sheet piling. These cells are about 3 ft in diameter, and are grabbed out by means
of an orange peel grab. An interesting feature is the machine designed and built for
bending the joists to the right curvature on the site. As each cylinder is concreted,
horizontal bars are placed and these are bent up and then incorporated in the next
cylinder when that is concreted. This is to take any shears, on the pack of cards
principle, caused by the horizontal thrust of the arch. Following the trouble on the

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Fredrikstad Bridge: the junction of two caissons.

west bank, it was decided to use a different type of pile on the east bank. Instead
of using the H-beam section, which is common in Norway, a hollow square pile
was made by welding together two large section angles and providing them with
a foot and a rock point. The advantage of this is that the pile is hollow and a light
can be lowered down it to see whether it has been deformed at all while chiselling
into bedrock. Again, on the east bank, the number of piles in the abutment is very
large, and there was the danger of setting up a slide by remoulding the clay. To check
this, a large number of piezometer tubes have been inserted and these are measured
every day and the measurements reported to Oslo by telephone. If then dangerous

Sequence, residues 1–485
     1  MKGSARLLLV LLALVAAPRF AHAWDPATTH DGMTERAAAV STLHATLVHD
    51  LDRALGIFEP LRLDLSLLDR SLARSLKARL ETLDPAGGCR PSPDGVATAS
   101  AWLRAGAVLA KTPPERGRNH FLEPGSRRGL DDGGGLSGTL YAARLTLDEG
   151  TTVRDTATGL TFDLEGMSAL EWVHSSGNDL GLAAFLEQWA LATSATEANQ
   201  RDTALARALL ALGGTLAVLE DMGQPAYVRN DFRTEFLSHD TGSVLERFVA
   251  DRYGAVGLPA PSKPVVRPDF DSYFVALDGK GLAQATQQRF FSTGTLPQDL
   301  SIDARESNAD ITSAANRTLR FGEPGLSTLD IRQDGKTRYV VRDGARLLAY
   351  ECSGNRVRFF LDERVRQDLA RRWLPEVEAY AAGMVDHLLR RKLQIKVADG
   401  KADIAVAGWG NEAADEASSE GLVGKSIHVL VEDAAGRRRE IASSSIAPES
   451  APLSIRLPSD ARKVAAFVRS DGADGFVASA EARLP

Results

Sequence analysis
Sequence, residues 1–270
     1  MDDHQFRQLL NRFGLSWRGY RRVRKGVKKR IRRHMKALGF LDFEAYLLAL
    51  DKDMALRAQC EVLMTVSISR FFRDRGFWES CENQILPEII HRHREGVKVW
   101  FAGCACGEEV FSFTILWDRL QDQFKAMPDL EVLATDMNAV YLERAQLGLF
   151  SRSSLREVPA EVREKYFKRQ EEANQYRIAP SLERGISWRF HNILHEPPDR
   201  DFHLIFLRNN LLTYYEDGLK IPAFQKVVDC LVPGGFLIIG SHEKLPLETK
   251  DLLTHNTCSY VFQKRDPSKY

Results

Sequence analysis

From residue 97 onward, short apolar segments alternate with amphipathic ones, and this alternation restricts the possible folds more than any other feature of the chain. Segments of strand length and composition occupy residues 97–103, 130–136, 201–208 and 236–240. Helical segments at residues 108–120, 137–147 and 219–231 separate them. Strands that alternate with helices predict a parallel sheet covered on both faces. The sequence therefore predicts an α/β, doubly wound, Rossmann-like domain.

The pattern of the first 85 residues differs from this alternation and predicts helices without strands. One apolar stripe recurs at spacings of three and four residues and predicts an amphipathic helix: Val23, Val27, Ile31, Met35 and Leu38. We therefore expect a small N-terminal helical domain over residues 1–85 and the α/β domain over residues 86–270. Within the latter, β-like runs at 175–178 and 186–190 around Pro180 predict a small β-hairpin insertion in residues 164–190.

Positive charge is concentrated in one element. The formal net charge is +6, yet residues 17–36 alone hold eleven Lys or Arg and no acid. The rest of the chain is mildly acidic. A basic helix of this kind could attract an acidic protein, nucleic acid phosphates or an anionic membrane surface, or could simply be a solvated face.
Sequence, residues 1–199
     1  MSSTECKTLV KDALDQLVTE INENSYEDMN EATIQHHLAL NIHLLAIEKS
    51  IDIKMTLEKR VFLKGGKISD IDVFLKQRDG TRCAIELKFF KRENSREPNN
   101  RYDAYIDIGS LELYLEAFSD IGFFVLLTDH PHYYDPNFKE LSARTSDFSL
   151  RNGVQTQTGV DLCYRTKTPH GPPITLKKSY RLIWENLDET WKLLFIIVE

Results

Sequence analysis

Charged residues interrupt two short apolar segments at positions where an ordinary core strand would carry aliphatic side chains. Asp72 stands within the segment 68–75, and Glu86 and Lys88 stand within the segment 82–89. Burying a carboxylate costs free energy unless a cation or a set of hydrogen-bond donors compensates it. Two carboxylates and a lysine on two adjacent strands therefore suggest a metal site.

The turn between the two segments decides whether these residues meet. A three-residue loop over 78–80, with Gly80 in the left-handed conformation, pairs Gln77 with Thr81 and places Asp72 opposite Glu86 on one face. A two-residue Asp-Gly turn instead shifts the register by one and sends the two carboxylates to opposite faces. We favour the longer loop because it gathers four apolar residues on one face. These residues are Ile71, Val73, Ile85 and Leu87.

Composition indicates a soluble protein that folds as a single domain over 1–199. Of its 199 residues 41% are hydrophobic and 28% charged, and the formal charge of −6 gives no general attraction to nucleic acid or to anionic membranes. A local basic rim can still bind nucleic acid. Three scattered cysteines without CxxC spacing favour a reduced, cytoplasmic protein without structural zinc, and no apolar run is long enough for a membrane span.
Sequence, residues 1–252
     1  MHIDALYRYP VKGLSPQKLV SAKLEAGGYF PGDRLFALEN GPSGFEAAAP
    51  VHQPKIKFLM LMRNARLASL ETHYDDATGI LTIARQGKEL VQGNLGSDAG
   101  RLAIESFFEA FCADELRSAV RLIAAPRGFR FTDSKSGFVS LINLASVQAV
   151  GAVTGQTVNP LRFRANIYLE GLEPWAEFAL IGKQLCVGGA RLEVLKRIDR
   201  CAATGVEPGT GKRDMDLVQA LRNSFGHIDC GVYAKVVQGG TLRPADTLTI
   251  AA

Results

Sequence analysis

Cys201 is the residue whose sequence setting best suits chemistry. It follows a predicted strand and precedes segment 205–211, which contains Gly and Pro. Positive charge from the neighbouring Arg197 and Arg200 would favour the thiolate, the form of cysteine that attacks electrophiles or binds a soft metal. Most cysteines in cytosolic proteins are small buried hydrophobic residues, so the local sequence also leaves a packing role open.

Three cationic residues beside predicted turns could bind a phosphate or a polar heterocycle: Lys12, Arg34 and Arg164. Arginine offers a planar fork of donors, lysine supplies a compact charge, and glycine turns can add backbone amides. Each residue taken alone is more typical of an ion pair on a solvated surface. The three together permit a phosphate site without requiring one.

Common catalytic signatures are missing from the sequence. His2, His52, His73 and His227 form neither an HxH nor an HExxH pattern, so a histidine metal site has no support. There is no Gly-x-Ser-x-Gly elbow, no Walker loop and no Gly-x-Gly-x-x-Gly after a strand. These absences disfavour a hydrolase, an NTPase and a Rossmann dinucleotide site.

pore water pressures are built up, pile driving is stopped until they have dissipated.
Mr Selmer originally designed the hollow concrete pile with a bored dowell to rock
because he did not trust the chiselling process on such an important foundation
as that for a big steel arch. To settle this matter, Wold carried out a large number
of experiments on the site. Steel piles were driven to bedrock and the effect of the
large number of blows was measured. Strain gauges were attached both to the head
and to the toe of the pile, and continuous records were kept of the stress on the pile
during driving. After driving, the piles were excavated out and the effect on the rock
point in cutting its way into the rock was measured and photographed. The results
were very satisfactory and were certainly most interesting. As the rock is a very hard
granite gneiss, a very large number of blows were required, and, in some cases, 3500
blows were given without damaging the pile, to cut a deep enough notch in the
granite surface. All the work on these piles at Frederikstad is very interesting, and

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I hope that Bjerrum will write an article for Géotechnique on the subject. [This was